Like a fast food burger bun, Opera Australia’s Autumn season is pitched squarely at the taste buds of the masses and at our genetic need to engorge on sweet treats. As much as I hate the idea of ‘dumbing down’ the opera repertoire to make it palatable (if that’s the intention) to more people, it’s pretty hard for me to put up a fight when the Autumn season has three of my all time favourite operas.The Magic Flute
was my very first live opera experience, and first on-screen before that... Ingmar Bergman’s (still magical) version in Swedish. And I can’t say I’m not excited by the prospect of seeing Julie Taymor’s production.
In terms of sheer hours spent listening to it, Turandot
-- especially the final act -- is up there, too. I’ve seen Graeme Murphy’s production a handful of times since it premiered in 1990 and even, gasp, own it on VHS. (It was filmed at the State Theatre as a matter of fact, in April 1991.)Benjamin Rasheed, Susan Foster and Rosario La Spina
in Turandot (pic: Jeff Busby, click on image to enlarge) The Barber of Seville
was another boyhood favourite of mine, along with the word factotum. (Interesting that the company is opting to stage the older tried-and-true Elijah Moshinsky version rather than the more recent and cartoon-like John Milson production, reviewed here
So, yeah, it’s all there in the State Theatre in April and May. Sweet, salt, fat... even a bit of tart. (The Merry Widow
But in this climate, the chances of seeing Pélleas et Mélisande, say, are absurdly unlikely. Alas. Having said all that, the 2012 season is hardly junk food opera. It’s more comfort food opera. Like really good lamb shanks and mash on the restaurant menu.
Murphy’s Turandot stands up well, even after twenty-odd years, though I have to say it was better done at its last outing in Melbourne. Marginally. This particular production was rehearsed in Sydney for the Summer season at the Opera House so it’s possible that some looseness may have crept in since January. Murphy demands much of the large chorus. It’s constantly on the move, in waves and eddies. When it works well, it’s spectacular. When it’s just a little off, as it was at times last night, it seems overly busy, even contrived.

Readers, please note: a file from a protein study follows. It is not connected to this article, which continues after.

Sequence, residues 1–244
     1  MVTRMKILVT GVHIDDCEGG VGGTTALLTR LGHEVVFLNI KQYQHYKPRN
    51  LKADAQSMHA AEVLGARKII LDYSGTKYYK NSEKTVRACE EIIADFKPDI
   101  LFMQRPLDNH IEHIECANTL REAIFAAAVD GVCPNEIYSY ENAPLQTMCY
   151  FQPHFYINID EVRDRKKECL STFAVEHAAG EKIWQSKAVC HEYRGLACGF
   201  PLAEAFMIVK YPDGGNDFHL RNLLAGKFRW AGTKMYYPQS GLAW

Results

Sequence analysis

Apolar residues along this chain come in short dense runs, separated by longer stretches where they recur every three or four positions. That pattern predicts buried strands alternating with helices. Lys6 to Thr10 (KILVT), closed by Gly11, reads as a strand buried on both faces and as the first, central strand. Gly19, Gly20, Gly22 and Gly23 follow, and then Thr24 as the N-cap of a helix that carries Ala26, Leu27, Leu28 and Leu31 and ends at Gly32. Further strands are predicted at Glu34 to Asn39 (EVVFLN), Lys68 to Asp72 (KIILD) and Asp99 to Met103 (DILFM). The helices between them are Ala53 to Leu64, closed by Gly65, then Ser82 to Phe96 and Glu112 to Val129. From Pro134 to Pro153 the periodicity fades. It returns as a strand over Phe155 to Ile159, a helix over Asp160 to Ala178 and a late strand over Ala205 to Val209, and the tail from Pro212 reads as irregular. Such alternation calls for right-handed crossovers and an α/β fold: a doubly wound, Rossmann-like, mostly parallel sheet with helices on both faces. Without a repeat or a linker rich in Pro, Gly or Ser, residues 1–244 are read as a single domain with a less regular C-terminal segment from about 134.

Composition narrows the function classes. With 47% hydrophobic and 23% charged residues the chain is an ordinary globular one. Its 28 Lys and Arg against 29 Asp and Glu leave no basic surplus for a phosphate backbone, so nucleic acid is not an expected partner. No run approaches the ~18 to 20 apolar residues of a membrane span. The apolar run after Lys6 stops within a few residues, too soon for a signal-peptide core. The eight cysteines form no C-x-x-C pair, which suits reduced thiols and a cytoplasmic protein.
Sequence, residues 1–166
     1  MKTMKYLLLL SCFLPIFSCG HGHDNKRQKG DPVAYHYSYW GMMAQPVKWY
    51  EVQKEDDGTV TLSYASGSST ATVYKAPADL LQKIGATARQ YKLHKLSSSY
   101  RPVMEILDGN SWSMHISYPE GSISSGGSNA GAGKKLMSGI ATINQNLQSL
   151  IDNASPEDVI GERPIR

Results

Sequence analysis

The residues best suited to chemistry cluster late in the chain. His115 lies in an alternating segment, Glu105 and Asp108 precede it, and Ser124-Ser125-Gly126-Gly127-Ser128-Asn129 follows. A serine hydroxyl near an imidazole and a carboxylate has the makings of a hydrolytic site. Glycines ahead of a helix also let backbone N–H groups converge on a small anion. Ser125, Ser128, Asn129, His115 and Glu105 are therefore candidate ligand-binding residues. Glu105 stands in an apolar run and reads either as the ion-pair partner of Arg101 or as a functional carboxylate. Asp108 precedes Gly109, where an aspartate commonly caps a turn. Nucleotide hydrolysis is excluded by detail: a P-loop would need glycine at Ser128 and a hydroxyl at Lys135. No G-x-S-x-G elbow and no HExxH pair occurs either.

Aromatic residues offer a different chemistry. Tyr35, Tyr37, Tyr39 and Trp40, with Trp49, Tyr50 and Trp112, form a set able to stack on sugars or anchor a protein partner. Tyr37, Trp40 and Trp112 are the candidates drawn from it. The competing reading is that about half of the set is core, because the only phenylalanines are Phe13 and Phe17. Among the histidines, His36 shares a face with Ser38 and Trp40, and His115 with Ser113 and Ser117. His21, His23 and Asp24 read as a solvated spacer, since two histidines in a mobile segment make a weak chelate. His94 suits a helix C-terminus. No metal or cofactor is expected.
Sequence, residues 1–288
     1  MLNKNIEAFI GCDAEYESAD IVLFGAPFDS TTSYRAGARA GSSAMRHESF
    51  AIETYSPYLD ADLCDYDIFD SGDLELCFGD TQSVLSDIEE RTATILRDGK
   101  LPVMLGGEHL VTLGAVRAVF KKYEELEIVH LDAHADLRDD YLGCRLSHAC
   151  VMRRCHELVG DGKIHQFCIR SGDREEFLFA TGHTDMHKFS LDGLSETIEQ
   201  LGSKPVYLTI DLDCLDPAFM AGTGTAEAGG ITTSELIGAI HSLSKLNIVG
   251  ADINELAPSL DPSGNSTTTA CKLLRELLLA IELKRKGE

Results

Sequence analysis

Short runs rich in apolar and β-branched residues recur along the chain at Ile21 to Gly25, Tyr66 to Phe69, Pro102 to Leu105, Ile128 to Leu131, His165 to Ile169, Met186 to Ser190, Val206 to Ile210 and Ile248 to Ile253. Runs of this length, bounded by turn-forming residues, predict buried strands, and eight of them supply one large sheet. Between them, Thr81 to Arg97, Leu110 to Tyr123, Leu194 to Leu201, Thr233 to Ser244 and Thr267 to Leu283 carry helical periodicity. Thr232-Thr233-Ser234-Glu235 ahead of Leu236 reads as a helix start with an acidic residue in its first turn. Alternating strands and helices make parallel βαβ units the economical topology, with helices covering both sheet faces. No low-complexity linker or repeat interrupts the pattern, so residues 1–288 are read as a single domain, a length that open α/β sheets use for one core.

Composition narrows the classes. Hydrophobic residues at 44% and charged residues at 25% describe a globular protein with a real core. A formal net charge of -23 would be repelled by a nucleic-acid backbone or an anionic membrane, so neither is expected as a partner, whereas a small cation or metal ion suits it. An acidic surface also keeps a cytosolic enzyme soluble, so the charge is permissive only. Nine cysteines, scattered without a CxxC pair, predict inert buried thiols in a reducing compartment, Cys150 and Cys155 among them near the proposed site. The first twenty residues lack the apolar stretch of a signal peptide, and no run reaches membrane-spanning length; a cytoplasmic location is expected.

The stage craft is most apparent in the miraculously good final act, when it is least noticeable. Without fuss, the action transitions from Calaf, solo, floating in fabric and dry ice, to a full complement of soloists, chorus and dancers, back to an intimate duet between Turandot and Calaf and back again for an all-in climax in a blink of an eye.
The first act, if anything, has too many design and choreographic ideas. We hardly have time to admire the bronze eye-like gong in the gloom -- a setting so evocative and inspired it could fascinate the eye for an entire evening rather than a few fleeting moments -- before it is replaced with another set piece or cannoning explosion of fabric and bodies. (Intriguingly, Murphy uses flags and fans and the sleeves of costumes, here, in exactly the same way he uses dancers when choreographing for the Australian Ballet.)
With Andrea Licata wielding the stick in the pit, the massed forces of Orchestra Victoria and OA choruses were barely in control. I’m guessing that was a deliberate choice. This was one of the darkest, driest and most wild performances of Puccini’s score I’ve heard, live or recorded. And it’s a reading I happen to like.
I’ve always thought Turandot is to anxiety what Tristan is to longing, which makes the crescendo of the former and the climax of the latter so extraordinarily affecting.Vocally, this production is exceptionally strong. Jud Arthur was scarily reminiscent of Donald Shanks as Timur. Hyeseoung Kwon (as Liù) pitched her performance exquisitely. I thought her shimmering voice was a little too dry for the role in the first act, but I think she sacrificed her performance, there, to suit the dusty tenor of the music. Her final scene was lush and memorable.
Rosario La Spina and Susan Foster (Jeff Busby)
Likewise the performance trajectories of Rosario La Spina (Calaf) and Susan Foster (Turandot) seemed to cross. Calaf’s ascendancy and Turandot’s ‘fall’ evident in the increasing and decreasing force, respectively, of their voices. Or, rather, her increasing softness of tone.
In short, this was great opera and great theatre.
There are eight more performances in Melbourne between April 13 and May 11.
Turandot by Giacomo Puccini. Directed and choreographed by Graeme Murphy. (Kim Walker, Associate Director.) Rehearsed by Cathy Dadd and Christopher Dawes. Designed by Kristian Fredrikson. Lighting by John Drummond Montgomery.
Orchestra Victoria and choruses conducted by Andrea Licata.
Opera Australia. State Theatre, Melbourne, April 10, 2012.
Labels: Andrea Licata, Graeme Murphy, Hyeseoung Kwon, Opera Australia, Rosario La Spina, Susan Foster